But AMICI crossing ESAI crossing FEIN … hmm, no bueno. I got those right because I do a ton of crosswords, but this isn't a good way to encourage newer solvers. I would have asked for a redo in that section alone and asked to smooth out WORF / WBA as well — even this Trekkie thinks it's not fair to expect people to know WORF.

Nice, novel concept, but I would have liked the grid tuned more toward early-week smoothness.

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© 2017, The New York TimesNo. 0627 ( 24,703 )
Across Down
1. Exiled leader of 1979 : SHAH
5. Sing smoothly : CROON
10. I.R.S. experts : CPAS
14. Spotted rodent of South America : PACA
15. Zoo resident that needs a big tank : HIPPO
16. River of Florence : ARNO
17. And others, for short : ETAL
18. Following : AFTER
19. Word exclaimed with "Get" or "Too" : REAL
20. Slight sense that something is seriously shady : WHIFFOFSCANDAL
23. Minus : LESS
24. "Texas tea" : OIL
25. Courtroom wear ... or concern : SUIT
27. "Just do it" or "I'm lovin' it" : ADSLOGAN
32. One who really brings out the crowds : FANFAVORITE
35. Broody rock genre : EMO
36. "Ye" follower on shoppe signs : OLDE
37. Gene, the singing cowboy : AUTRY
38. Hitters' stats : RBIS
39. Take advantage of : USE
40. Military unit assembled for sudden attack : STRIKEFORCE
42. Generous giving : LARGESSE
44. Morales of "Criminal Minds" : ESAI
45. Jokester : WAG
46. Depression-era migrant : OKIE
48. Fight to the bitter end ... or a hint to the starts of 20-, 32- and 40-Across : GODOWNSWINGING
55. "Star Trek: T.N.G." character : WORF
56. Stay home for supper : EATIN
57. "Fine by me" : OKAY
58. Unwelcome bit of mail : BILL
59. Paddle : SPANK
60. Shakespearean king : LEAR
61. Artist Warhol : ANDY
62. Citrusy, e.g. : TANGY
63. Hamlet, for one : DANE
1. Eject, as angry words : SPEW
2. "Thirty days ___ September ..." : HATH
3. Antioxidant-rich berry : ACAI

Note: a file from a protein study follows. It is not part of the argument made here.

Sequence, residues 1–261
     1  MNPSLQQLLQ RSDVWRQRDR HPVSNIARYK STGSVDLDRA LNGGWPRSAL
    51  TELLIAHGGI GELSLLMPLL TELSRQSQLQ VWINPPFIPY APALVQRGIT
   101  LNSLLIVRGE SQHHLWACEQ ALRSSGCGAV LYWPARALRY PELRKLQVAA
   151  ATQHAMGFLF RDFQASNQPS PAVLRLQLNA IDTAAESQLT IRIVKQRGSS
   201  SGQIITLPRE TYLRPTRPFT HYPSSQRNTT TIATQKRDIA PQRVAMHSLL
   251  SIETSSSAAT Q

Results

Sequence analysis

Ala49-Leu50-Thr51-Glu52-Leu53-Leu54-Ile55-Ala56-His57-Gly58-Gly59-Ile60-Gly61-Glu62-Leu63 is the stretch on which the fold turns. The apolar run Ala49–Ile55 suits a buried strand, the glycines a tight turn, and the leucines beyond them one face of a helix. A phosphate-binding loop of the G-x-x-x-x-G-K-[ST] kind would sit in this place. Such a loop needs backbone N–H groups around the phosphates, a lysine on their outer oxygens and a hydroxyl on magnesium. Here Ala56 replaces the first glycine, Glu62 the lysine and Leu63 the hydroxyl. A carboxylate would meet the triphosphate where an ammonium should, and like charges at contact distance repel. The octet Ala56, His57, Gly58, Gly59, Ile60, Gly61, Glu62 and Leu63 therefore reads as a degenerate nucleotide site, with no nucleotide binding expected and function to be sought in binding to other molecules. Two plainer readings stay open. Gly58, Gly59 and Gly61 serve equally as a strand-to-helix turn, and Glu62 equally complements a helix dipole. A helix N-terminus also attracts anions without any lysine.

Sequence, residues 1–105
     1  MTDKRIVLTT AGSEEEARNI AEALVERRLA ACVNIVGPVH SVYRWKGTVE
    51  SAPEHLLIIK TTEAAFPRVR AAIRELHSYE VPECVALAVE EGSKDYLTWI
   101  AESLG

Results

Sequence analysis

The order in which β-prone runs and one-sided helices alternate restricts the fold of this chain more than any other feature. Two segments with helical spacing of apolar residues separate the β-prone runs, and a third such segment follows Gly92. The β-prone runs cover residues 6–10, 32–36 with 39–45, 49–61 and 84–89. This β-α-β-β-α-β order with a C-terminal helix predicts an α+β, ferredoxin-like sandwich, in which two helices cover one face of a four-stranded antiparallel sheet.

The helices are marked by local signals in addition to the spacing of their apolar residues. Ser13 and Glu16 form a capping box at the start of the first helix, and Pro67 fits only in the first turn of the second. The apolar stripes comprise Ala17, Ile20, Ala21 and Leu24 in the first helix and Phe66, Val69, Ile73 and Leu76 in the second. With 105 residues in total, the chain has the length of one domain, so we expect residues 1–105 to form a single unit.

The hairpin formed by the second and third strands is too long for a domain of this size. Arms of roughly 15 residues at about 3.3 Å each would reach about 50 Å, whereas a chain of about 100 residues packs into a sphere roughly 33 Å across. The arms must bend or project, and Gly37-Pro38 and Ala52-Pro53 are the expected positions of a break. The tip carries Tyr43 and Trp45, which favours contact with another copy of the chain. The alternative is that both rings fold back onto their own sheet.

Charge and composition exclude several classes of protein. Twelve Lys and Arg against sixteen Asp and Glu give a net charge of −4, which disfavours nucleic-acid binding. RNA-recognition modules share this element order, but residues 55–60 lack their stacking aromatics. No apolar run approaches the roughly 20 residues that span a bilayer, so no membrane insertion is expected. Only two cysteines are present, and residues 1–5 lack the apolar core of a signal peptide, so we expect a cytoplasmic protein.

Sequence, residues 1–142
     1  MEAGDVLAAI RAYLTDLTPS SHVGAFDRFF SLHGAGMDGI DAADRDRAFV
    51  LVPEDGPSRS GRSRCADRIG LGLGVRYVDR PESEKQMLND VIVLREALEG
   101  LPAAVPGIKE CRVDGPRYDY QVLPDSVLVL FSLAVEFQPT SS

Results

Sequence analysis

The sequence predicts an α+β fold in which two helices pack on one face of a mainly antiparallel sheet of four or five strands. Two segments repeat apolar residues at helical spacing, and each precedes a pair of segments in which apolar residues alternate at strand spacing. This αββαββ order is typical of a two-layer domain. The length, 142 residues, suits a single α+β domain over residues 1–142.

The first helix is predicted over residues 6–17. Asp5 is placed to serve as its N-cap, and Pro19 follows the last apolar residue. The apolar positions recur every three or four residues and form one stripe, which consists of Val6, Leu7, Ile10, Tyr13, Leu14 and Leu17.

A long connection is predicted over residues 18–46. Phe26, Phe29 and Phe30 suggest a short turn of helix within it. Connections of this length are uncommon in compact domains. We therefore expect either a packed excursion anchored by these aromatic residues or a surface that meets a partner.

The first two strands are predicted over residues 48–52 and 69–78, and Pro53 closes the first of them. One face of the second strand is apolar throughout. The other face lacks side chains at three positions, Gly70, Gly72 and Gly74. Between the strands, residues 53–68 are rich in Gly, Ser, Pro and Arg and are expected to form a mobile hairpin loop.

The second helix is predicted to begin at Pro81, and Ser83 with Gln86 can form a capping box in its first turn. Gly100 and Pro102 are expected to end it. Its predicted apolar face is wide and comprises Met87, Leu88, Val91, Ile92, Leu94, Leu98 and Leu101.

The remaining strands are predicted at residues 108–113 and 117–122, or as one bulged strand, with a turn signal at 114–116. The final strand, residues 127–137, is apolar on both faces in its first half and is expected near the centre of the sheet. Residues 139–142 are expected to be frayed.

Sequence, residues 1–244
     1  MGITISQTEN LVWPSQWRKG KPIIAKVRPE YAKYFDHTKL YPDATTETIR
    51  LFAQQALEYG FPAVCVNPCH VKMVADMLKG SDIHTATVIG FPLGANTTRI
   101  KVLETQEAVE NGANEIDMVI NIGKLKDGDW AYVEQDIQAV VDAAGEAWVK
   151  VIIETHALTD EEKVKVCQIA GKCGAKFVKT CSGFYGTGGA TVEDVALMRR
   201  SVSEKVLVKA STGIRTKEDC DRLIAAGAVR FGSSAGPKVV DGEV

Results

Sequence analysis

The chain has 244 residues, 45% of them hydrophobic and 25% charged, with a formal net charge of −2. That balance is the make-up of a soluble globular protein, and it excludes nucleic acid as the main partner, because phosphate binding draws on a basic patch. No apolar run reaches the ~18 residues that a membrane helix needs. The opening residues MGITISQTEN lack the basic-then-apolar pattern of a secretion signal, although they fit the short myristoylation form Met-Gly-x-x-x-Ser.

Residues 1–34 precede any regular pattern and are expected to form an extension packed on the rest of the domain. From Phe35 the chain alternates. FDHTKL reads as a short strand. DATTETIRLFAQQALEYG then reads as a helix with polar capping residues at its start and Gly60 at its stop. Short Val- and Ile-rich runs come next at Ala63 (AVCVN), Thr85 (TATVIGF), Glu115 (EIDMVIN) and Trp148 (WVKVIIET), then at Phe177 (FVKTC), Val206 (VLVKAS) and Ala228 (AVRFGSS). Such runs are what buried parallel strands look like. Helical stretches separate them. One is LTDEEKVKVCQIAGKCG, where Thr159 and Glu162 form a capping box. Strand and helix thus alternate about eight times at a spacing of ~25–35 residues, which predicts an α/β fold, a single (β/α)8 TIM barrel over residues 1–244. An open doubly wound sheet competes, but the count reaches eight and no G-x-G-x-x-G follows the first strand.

4. 24,110 years, for plutonium 239 : HALFLIFE
5. Bad state to be in : CHAOS
6. Guitar phrases : RIFFS
7. Chooses : OPTS
8. Intl. group with two South American members and none in North America : OPEC
9. "When Harry Met Sally ..." writer Ephron : NORA
10. Exercise on an elliptical machine, informally : CARDIO
11. Middle school math class : PREALGEBRA
12. Annoyingly focused : ANAL
13. What astronomers call a day on Mars : SOL
21. Greek salad topper : FETA
22. Florida State athlete, slangily : NOLE
25. Tortilla chip dip : SALSA
26. What the River Styx forms the boundary of : UNDERWORLD
27. Bandleader Shaw : ARTIE
28. Quaint dagger : DIRK
29. Eye woe : STYE
30. ___ curiae (friends of the court) : AMICI
31. Part of the body associated with sneezing, sniffling and snoring : NOSE
32. Awful-smelling : FOUL
33. Big mixing containers : VATS
34. "___ is not to reason why" : OURS
38. Copper alloy used in jewelry : ROSEGOLD
40. State flower of Utah : SEGO
41. Ireland's Sinn ___ : FEIN
43. Annoying critic : GADFLY
46. In the red : OWING
47. Broadway's "___ Boots" : KINKY
48. Enter : GOIN
49. Rapper Kanye : WEST
50. California's ___ Valley : NAPA
51. Superhero creator Lee : STAN
52. Company that was the first in the U.S. to air a TV ad with a gay couple (1994) : IKEA
53. Indian flatbread : NAAN
54. Circular or spiral motion : GYRE
55. Org. for which Mike Tyson twice held the heavyweight title : WBA

Answer summary: 5 unique to this puzzle, 1 debuted here and reused later, 1 unique to Shortz Era but used previously.